not, that we now fight with them?"
"We must forget the Revolution now, must
we not?" This from Mrs. Buchan.
"Forget the Revolution!" he flashed
back at her, almost angrily. Then more gently:
"Perhaps. If we remember liberty!" He glanced an
instant up the road to Princeton hill and then went on.
"They fought well then, madam. As a soldier I am glad
to have such good allies. But I was forgetting. Yonder lies
Princeton, and from there there is the post-road to New
York, is there not? I must be in New York by morning."
Mrs. Buchan was old-fashioned, but she found
herself murmuring amazedly something about railroads and
motor-cars. But he did not seem to hear her.
"Yes," he continued, "I must
be in New York by morning. The first transport with our
troops sails for France."
"I know," she said, proudly.
"My grandson, George Buchan, sails for France."
"George Buchan? There was a George
Buchan fought at Princeton, I remember."
"There was. And another George Buchan in
the War of Eighteen-twelve. And a John in the Mexican War.
And a William in eighteen sixty-three. There was no one in
the Spanish War my son was dead and my grandson was too
young. But now he is ready."
"Every American is ready," her
visitor answered. "I am ready."
"You?" she broke out. And for the
first time she seemed to see that his hair was white.
"Are you going?"
"Every one who has ever fought for
America is going. There is a company of them behind me.
Down the road there was faintly to be heard
the clatter of hoofs.
"Some joined me in Virginia, some as we
crossed the Potomac by Arlington, where there is a house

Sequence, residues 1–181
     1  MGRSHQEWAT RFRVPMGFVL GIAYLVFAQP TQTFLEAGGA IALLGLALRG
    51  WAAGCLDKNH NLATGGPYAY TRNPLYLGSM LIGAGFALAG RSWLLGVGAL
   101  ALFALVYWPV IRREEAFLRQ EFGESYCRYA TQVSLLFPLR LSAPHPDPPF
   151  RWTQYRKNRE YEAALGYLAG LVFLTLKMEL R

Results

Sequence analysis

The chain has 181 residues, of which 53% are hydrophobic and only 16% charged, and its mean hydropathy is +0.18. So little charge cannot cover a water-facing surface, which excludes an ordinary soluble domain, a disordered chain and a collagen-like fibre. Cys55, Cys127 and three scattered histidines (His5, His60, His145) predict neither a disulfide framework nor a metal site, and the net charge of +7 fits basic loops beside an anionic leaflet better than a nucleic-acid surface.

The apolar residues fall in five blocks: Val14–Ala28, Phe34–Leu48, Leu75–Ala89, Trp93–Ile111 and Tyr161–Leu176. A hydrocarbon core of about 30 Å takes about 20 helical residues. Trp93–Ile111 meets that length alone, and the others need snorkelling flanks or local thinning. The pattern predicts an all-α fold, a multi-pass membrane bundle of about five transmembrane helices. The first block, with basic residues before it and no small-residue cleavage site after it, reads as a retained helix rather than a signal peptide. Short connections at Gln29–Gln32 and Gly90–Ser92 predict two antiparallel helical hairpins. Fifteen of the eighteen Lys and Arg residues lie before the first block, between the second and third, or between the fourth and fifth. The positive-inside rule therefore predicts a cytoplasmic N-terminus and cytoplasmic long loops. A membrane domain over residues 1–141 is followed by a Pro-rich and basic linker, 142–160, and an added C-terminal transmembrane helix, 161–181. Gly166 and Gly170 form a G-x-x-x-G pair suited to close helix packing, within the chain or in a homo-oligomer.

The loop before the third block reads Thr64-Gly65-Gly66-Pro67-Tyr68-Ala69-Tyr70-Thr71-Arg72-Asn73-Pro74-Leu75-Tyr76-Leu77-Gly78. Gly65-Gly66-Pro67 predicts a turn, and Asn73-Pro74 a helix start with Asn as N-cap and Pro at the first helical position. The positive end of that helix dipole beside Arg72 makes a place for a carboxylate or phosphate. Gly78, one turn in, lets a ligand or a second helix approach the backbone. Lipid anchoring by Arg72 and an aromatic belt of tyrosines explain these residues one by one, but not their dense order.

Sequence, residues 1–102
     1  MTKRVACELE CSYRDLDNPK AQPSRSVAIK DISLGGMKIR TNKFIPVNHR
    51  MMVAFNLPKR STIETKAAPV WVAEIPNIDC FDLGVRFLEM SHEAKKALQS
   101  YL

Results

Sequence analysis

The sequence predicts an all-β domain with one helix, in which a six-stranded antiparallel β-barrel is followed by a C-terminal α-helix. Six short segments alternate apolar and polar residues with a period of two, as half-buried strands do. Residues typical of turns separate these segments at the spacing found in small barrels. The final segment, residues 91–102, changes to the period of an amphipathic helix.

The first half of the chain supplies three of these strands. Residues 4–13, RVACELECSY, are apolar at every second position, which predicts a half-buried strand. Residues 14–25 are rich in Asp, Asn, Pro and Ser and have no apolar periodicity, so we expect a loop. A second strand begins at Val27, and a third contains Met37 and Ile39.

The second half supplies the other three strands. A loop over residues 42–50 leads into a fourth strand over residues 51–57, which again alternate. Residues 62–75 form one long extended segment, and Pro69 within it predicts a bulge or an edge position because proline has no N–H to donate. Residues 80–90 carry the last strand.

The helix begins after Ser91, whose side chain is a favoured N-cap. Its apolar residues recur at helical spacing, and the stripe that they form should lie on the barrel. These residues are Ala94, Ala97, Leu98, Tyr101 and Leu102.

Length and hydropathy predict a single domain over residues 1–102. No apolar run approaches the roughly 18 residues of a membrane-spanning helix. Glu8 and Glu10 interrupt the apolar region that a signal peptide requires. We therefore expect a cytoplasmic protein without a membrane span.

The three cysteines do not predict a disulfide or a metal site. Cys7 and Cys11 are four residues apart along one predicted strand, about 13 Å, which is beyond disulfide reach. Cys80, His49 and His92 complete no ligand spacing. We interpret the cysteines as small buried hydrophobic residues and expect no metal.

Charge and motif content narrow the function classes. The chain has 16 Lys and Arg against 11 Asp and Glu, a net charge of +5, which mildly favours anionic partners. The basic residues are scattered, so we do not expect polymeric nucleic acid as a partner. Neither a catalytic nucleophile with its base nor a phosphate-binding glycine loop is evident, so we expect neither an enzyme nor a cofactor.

which once belonged to a relative of mine. And there were
others, old friends, who met me as we came through Valley
Forge in Pennsylvania. You would not now know Valley
Forge," he finished, half to himself.
The river mist had crept farther up and was a
little thicker now. The moon had risen and the mist
shimmered and shone almost as if by its own light. The world
was indeed of the very substance of a dream. The hoof-beats
on the road grew nearer, and at last, while old Mrs. Buchan
stood in a kind of amazed silence, they came into sight,
even then mere shadowy, dim, wavering figures behind the
gossamer silver veil which had drifted there from, the
lovely Delaware. The horses looked lean and weary, though
perhaps this was a trick of the moonlight. Yet they dropped
their heads and began eagerly to crop the short, dusty grass
by the roadside. The moonlight seemed to play tricks with
their riders, too. For in the fog some of them seemed to
have almost grotesquely old-fashioned clothes, though all
had a sort of military cut to them. Some few, indeed, were
trim and modem. But the greater part were, or seemed to Mrs.
Buchan to be, in shabby blue or worn gray. The chance
combination of the colors struck her. She was an old woman
and she could remember unhappy far-off days when blue and
gray had stood for the fight of brother against brother.
Into her eyes the tears came, yet she suddenly smiled
through them a pair of quite young men lounged toward the
fence, and then stood at ease there, the blue-clad arm of
one affectionately and boyishly thrown around the other's
"These go with you?" asked old Mrs.
Buchan, still held by her memories.
"Yes. They are of all kinds and all
ages, and some of them were not always friends. But you
see " He smiled and pointed to the lads by the fence.
"One of them is from Virginia and the other from Ohio.
Virginia and Ohio fought once. But I only say that I can
remember that Ohio was part of Virginia once long ago. And
is not Virginia part of Ohio and Ohio part of Virginia again
now? I should be pushing on, however, not talking. It is the
horses that are tired, not the men."
"And hungry?" suggested Mrs.
"The horses, yes, poor beasts!" he
answered. "For the men it does not matter. Yet we must
reach New York by morning. And it is a matter of some
"Rest a half-hour and let the horses
graze. You can make it by sunrise."
Mrs. Buchan went a little way down the path.
It was lined with pink and white clove-pinks and their
fragrance was sweet in the night.
"Open the gate there to the left,
men," she called out, and her voice rang, to her,